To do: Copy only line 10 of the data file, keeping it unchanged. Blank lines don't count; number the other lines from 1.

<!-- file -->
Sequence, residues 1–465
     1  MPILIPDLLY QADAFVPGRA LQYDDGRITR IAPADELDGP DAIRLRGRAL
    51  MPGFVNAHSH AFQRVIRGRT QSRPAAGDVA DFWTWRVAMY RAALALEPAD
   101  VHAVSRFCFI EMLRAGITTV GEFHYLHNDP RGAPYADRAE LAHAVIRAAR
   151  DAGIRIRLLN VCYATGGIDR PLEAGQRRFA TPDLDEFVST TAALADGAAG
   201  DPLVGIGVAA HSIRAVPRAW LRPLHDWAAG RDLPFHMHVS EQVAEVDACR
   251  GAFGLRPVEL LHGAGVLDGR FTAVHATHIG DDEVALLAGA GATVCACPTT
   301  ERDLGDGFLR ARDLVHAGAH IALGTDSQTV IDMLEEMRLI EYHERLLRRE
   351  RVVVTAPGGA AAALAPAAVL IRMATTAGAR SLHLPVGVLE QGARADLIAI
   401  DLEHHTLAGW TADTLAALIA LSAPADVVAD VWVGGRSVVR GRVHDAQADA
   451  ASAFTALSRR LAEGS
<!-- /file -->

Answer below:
   401  DLEHHTLAGW TADTLAALIA LSAPADVVAD VWVGGRSVVR GRVHDAQADA